This is the story of the English rugby team that received a standing ovation at Lansdowne Road at the height of the Troubles. The simple reason for such a rousing reception – they turned up when others wouldn't. eir sport 1, Thur, Oct 1st 12.05am
The Irish rugby team was riding the crest of a wave in 1972. Having beaten England at Twickenham and won in Paris for the first time in 19 years, a potential grand slam was in sight.
With a host of young stars including Fergus Slattery, Tom Grace and Johnny Moloney emerging to complement established talent such as Willie-John McBride, Syd Millar and Mike Gibson, the future looked bright indeed.
Sadly, the outlook was entirely different off the pitch. 1972 was the worst year for the Troubles with almost 500 people killed, including the shooting of 14 civilians by the British Army at a civil rights march in Derry at the end of January in what became known as ‘Bloody Sunday’.
The British Embassy in Dublin was burned to the ground in reprisal. Ireland, both north and south, was a war zone.
Against this backdrop, Wales and Scotland both refused to travel to Dublin to fulfil their fixtures and the Five Nations championship was abandoned for the year.
Twelve months later and tensions remained high with 18 people killed in the first four weeks of the year. Security was a major concern and no-one knew for sure if the championship would proceed.
England were due to visit Dublin on January 27th. In the North in the fortnight running up to the game three RUC men were killed in landmine and booby trap bomb attacks and a UDR soldier abducted and shot.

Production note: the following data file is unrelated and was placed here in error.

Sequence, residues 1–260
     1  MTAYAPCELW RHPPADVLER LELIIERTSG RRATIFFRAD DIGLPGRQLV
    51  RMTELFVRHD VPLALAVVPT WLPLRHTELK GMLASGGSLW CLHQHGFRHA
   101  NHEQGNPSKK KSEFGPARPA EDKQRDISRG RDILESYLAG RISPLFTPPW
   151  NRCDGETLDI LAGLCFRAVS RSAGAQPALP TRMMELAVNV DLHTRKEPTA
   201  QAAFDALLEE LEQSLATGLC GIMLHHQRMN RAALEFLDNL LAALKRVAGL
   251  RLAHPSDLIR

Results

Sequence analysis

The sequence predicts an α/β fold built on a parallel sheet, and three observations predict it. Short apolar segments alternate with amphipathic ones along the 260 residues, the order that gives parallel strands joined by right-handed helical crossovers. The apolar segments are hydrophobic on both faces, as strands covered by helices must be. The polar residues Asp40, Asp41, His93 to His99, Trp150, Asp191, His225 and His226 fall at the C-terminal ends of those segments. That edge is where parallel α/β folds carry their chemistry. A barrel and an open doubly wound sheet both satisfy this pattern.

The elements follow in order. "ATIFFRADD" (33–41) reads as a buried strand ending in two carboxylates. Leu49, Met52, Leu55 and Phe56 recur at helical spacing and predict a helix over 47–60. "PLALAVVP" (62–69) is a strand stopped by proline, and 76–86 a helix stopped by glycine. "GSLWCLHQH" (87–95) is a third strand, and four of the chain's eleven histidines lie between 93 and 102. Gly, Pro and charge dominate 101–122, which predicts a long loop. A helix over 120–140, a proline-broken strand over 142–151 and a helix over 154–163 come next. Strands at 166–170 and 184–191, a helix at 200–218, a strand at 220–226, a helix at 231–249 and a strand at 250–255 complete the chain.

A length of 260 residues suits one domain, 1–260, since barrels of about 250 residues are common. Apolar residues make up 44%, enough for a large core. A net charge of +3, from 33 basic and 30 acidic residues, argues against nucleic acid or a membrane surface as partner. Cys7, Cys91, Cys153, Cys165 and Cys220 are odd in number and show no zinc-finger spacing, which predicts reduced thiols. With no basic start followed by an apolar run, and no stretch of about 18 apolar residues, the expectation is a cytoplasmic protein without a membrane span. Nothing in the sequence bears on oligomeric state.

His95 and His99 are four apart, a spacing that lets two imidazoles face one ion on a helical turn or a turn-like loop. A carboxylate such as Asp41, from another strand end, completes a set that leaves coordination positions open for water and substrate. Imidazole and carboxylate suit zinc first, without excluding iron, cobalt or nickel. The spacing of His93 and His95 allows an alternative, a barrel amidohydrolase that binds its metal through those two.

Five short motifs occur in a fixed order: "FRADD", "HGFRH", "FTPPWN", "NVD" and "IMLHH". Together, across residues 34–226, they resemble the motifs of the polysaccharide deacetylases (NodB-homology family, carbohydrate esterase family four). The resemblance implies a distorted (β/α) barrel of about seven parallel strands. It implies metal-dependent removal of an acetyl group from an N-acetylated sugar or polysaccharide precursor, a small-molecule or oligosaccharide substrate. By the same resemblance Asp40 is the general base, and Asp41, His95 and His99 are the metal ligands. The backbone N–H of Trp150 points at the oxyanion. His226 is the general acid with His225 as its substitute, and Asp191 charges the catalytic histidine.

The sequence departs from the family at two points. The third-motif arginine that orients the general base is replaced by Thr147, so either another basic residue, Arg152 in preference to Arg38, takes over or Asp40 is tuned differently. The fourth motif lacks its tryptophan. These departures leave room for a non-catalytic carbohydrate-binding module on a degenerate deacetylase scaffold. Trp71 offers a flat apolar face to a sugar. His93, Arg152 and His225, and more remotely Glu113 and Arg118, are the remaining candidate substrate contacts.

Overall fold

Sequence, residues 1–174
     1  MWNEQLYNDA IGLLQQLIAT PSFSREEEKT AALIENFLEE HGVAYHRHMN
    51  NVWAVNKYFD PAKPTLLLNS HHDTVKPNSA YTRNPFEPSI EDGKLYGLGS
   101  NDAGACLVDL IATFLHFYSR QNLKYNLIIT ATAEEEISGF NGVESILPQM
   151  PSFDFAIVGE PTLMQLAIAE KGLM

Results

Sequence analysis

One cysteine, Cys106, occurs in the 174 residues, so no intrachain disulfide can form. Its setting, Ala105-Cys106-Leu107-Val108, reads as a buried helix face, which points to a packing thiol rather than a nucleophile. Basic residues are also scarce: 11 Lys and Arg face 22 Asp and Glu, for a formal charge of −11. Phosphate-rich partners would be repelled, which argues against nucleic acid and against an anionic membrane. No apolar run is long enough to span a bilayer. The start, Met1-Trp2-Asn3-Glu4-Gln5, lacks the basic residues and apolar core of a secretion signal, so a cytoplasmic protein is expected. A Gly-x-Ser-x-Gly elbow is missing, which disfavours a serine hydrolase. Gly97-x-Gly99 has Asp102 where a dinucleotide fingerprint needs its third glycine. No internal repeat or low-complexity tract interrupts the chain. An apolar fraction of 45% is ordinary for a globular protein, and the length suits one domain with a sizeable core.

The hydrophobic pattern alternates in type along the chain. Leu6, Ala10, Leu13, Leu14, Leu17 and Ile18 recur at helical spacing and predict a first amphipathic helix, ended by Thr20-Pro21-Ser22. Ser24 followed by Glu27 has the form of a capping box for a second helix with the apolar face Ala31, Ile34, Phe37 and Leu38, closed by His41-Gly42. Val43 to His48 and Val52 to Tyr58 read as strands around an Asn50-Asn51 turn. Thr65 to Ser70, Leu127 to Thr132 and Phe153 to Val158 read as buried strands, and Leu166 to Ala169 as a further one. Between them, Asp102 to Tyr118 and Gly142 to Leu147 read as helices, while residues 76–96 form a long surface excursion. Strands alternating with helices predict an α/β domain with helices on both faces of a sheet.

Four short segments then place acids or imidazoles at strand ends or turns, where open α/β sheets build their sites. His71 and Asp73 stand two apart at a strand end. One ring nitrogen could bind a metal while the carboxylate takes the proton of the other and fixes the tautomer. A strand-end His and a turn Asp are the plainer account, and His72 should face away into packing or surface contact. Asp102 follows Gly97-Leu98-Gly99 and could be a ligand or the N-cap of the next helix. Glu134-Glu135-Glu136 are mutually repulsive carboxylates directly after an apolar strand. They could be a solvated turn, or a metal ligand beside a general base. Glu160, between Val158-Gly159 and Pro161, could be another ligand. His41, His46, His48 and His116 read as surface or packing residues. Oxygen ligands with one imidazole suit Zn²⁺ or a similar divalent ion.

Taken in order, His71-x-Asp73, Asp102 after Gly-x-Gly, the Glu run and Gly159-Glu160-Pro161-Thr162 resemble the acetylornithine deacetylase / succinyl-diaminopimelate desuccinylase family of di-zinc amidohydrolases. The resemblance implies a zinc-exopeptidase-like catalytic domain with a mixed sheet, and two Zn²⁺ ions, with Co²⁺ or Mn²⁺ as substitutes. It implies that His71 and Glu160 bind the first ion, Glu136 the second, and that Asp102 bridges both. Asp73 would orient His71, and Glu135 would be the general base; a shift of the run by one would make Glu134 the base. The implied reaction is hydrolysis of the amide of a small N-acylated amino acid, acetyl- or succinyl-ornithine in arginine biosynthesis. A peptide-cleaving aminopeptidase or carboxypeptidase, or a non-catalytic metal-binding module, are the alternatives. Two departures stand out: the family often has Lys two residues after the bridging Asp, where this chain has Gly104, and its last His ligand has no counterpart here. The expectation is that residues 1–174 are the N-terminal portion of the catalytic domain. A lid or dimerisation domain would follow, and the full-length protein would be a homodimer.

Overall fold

There was outcry over another shooting of a civilian by the British Army, while a magistrate died three months after being shot on the Falls Road in Belfast. In Dublin a civilian had died after being blown up in a car bomb in Sackville Place.
Yet, in another example of how sport can transcend all boundaries, the game did go ahead, thanks in no small part to the determination of the RFU. They were keen to protect the future of the Five Nations tournament and took the unusual step of sending a delegation to the house of England captain John Pullin to state their case.
Pullin then met with a number of senior players and, despite it being clear that the security of the England team would be most under threat compared to any other nation, they decided to travel.
The players were billeted in the Shelbourne Hotel amid high security with armed soldiers patrolling the stairs and corridors. It was only then that Pullin, a livestock farmer and veteran of several England team visits to Dublin where they eagerly looked forward to sampling the hospitality of the local pubs, realised how serious the situation was. It just made him more determined that the game would go ahead.
The English took the field the next day and received a five-minute standing ovation from the home crowd who knew what a courageous decision it had been for them to travel and wanted to show their appreciation. It was a moment where sport triumphed over politics and the death and destruction of the Troubles were laid aside for a while.
The Irish left their dressing room and were making their way towards the pitch when they were held back by an IRFU official. He recognised the importance of the moment and wanted to ensure that the England team would know that the applause was for them and not the home side.
Ireland won the match 18-9 thanks to tries from Tom Grace and Dick Milliken, but the result was almost irrelevant. At the traditional banquet that evening in a nearby hotel, Pullin summed up what had been a truly momentous occasion when he light-heartedly quipped: "We might not be the greatest team in the world. But at least we turn up."
Produced by Sorcha Glackin, directed by Luke McManus and made with the support of the Broadcasting Authority of Ireland, The Team That Turned Up features contributions from the likes of John Pulllin, Willie John McBride, Syd Millar, Tom Grace, Johnny Moloney, Fergus Slattery, Fran Cotton, future England captain Roger Uttley and others who were there on the day.
It shines a light on a difficult period of Irish history, one which is gone - hopefully never to return.
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